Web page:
Speculation that Israel will launch a pre-emptive strike against Iran’s nuclear facilities has emerged in the Israeli press, following the failure of international negotiators to reach a deal on the Tehran regime’s nuclear program by the agreed date of November 24.
Israeli website NRG says that in the event that current Prime Minister Benjamin Netanyahu wins the next parliamentary elections in March 2015, he will face the “difficult dilemma” of whether to strike at Iran’s nuclear facilities in June, one month before the next deadline for an agreement.
NRG emphasizes that the decision will be a fraught one, especially as military action is highly unlikely to gain the support of the Obama Administration, which regards a deal with Iran as vital to its political legacy. However, many Arab states, including Egypt and Saudi Arabia, are deeply unhappy with the American-led negotiations, as they too regard the weaponization of Iran’s nuclear program as an existential threat.
The NRG piece also quoted former leading Mossad official Haim Tomer as saying that the period leading up to July is the best time to increase sanctions on Iran, and not to reduce them. “The sanctions are being very effective, especially because of the drop in oil prices, and the economic collapse of Iran will force Iran to give up her dream,” Tomer said.
The talk of possible Israeli action – last seriously considered in 2011, before the current round of negotiations began – coincides with the revelation published in Foreign Policy by journalist Colum Lynch that Washington has “privately accused Iran of going on an international shopping spree to acquire components for a heavy-water reactor that American officials have long feared could be used in the production of nuclear weapons-grade plutonium.”
Lynch said that the White House has so far not acknowledged its displeasure with the Iranians publicly. But, Lynch said, the current objections “stand in stark contrast to recent remarks by Secretary of State John Kerry, who has repeatedly credited Tehran with abiding by the terms of the November 2013 pact, which bound Tehran to suspend some of its work at the Arak heavy-water reactor. ‘Iran has held up its end of the bargain,’ Kerry said last month in Vienna as he announced a seven-month extension of the timetable for big-power talks.”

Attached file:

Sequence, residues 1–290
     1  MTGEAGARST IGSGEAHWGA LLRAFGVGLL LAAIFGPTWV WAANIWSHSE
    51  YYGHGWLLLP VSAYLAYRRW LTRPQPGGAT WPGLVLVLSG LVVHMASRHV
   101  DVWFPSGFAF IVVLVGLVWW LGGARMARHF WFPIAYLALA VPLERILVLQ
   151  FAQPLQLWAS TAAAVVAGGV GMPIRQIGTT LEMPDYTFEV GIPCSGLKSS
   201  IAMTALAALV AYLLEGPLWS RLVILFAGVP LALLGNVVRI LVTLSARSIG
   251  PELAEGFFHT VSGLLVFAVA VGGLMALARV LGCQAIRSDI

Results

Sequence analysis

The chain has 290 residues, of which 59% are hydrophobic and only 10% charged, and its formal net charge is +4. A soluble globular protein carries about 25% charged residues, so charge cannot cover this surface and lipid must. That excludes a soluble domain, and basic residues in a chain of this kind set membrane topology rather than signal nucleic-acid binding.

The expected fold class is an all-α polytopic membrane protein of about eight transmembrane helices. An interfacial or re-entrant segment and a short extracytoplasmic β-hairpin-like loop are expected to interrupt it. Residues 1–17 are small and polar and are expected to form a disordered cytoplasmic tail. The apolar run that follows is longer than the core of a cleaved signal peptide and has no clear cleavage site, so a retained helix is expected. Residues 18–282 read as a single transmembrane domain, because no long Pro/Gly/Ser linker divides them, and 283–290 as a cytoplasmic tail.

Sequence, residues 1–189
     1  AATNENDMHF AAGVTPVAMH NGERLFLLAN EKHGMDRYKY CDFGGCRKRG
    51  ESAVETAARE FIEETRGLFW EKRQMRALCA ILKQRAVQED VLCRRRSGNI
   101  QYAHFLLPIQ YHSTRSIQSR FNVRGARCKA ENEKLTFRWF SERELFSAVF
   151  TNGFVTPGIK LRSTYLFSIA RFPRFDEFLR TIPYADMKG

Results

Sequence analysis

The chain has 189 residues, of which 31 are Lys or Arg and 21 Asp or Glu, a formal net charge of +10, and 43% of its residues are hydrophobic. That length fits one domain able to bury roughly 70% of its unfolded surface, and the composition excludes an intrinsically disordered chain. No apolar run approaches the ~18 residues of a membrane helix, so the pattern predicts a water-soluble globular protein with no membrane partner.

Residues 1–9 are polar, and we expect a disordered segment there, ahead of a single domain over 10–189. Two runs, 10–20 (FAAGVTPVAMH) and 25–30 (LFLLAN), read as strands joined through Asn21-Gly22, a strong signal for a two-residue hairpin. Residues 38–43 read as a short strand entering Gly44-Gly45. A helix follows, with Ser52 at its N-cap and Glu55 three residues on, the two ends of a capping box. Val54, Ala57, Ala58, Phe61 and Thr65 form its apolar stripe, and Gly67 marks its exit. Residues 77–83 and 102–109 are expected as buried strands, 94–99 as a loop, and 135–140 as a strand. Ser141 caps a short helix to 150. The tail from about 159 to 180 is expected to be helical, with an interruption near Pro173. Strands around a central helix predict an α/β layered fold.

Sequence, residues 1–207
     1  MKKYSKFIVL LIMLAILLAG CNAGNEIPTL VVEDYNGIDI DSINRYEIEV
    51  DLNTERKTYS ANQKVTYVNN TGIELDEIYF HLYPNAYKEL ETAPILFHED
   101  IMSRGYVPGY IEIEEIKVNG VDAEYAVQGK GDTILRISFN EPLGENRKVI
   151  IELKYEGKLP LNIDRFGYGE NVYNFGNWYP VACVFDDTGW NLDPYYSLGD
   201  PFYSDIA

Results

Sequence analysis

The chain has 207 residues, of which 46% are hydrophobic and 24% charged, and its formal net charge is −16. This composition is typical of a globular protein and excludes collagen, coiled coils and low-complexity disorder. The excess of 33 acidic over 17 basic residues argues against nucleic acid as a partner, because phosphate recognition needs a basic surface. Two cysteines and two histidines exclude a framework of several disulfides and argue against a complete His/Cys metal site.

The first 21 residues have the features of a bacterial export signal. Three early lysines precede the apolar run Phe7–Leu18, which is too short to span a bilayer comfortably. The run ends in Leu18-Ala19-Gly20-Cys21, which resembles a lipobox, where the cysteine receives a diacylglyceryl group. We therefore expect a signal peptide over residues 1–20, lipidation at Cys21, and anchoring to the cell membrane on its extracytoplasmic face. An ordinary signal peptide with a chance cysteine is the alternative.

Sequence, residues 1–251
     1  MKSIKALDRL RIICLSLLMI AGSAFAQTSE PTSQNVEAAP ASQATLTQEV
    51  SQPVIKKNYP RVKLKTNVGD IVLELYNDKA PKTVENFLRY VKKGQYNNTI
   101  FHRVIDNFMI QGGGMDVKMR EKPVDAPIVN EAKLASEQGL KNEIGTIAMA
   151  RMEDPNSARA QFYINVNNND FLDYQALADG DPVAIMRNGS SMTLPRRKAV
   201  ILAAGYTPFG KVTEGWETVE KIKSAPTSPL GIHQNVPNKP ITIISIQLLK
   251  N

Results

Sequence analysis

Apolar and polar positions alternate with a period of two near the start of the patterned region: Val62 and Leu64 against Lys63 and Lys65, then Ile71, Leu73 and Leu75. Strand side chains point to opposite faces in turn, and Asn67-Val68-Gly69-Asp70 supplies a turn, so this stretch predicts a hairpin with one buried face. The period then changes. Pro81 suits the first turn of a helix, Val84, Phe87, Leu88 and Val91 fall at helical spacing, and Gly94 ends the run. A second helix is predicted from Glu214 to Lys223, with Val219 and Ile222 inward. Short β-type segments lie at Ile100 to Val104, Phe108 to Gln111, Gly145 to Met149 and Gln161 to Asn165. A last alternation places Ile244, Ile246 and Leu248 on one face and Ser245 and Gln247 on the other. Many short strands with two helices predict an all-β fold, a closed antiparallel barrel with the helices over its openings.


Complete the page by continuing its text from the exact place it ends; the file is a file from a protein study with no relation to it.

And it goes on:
Lynch observed: “The allegation is also sure to add to the mounting congressional unease over the administration’s ongoing talks with Tehran. Many lawmakers from both parties believe that the White House is making too many concessions to Tehran to cement a deal that it sees as central to the president’s legacy. With the GOP slated to take over the Senate next month, Iran hawks like Arizona Republican John McCain and Illinois Republican Mark Kirk are already promising to push through a new package of economic sanctions, a move that the White House believes would scupper the delicate talks with Tehran. Both men are likely to see the new U.N. allegations as proof that Tehran simply can’t be trusted to abide by the terms of a future deal.”
Separate research by the Institute for Science and International Security also documents Iranian violations in building up both its uranium and plutonium programs while negotiating under the rubric of the “Joint Plan of Action” (JPOA) agreed in Geneva last November.
Commenting on the latest revelations, Rep Ed Royce (R-CA), Chairman of the House Foreign Affairs Committee, announced: “This regime is proving to be a determined cheater, showing no willingness to accept an effective verification regime. Despite Iran’s deceit and intransigence, the Administration’s optimistic talk goes on. We are on our second negotiations extension. Iran is not addressing our fundamental verification and enrichment concerns. It is well beyond time for more sanctions pressure.”